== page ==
Anatomy, Physiology and Human Biology

Postgraduate research profiles

Contact

Sarmah Nayeem

Phone: (+61 8) 6488 3290
Fax: (+61 8) 6488 1051


Start date

Jun 2011

Submission date

Dec 2014

Links

Curriculum vitae

Sarmah Nayeem CV
[doc, 134.78 kb]
Updated 22 Oct 2012

Sarmah Nayeem

Sarmah Nayeem profile photo

Thesis

Wnt signalling and its regulation in placentation and implantation

Summary

Implantation of the blastocyst and early development of the placenta are crucial for successful fetal growth and development. These processes are promoted by the integration of a complex network of signalling molecules mediating cell-to-cell/cell-to-extracellular matrix communications. Accumulating evidence suggests that Wnt signalling pathways play an important role in implantation and placentation. A limited number of Wnt family knockout mice studies have revealed reproductive-related phenotypes, which is probably due to the fact that genome-wide deletion of many Wnt family-related genes results in embryonic lethality. Changes in Wnt signalling components have also been reported in cancers of reproductive tissues, in endometriosis and in gestational diseases. However, our knowledge relating to Wnt signalling interactions between the conceptus, placenta and uterus is far from complete and our understanding of Wnt signalling in reproductive disorders remains in its infancy. My research focuses on the reciprocal Wnt signalling between maternal and fetal cells. I am interested in the role/effects of secreted Wnt antagonists DKK1 and sFRP4 in implantation and early placentation as a possible autocrine or paracrine signalling factors. I am also interested in determining possible aberrations in Wnt signalling in pregnancy-related complications and in women with unexplained infertility.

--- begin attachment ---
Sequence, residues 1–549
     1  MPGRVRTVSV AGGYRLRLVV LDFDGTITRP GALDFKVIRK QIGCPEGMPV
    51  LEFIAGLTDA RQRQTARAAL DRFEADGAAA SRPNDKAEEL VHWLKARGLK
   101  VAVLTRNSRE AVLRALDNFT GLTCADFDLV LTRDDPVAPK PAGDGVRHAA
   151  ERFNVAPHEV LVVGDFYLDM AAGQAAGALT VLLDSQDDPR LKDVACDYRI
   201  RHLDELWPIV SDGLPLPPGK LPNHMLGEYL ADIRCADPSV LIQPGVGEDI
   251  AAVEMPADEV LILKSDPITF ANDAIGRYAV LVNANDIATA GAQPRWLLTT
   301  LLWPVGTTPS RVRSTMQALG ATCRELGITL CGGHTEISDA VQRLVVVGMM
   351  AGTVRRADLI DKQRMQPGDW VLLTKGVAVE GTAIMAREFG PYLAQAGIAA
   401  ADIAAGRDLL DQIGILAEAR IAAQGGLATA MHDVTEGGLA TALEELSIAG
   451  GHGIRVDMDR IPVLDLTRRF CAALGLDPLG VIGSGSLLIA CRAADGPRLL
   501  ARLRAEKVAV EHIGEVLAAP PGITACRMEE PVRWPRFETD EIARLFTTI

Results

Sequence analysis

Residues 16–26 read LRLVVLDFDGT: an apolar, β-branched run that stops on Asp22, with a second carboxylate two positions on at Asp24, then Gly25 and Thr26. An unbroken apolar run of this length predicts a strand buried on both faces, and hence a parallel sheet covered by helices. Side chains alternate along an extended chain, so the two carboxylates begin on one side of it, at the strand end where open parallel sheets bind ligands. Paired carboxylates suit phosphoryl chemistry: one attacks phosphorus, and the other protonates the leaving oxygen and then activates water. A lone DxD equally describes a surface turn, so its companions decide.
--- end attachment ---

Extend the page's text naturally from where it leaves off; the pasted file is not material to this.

Why my research is important

Understanding the critical events underpinning successful implantation and placentation has been a challenge for reproductive and developmental biologists. However, this knowledge is necessary to both reduce infertility and prevent pregnancy related complications, such as preeclampsia and intrauterine growth restriction (IUGR), and also to develop novel contraceptive approaches.

Funding

  • Women and Infants Research Foundation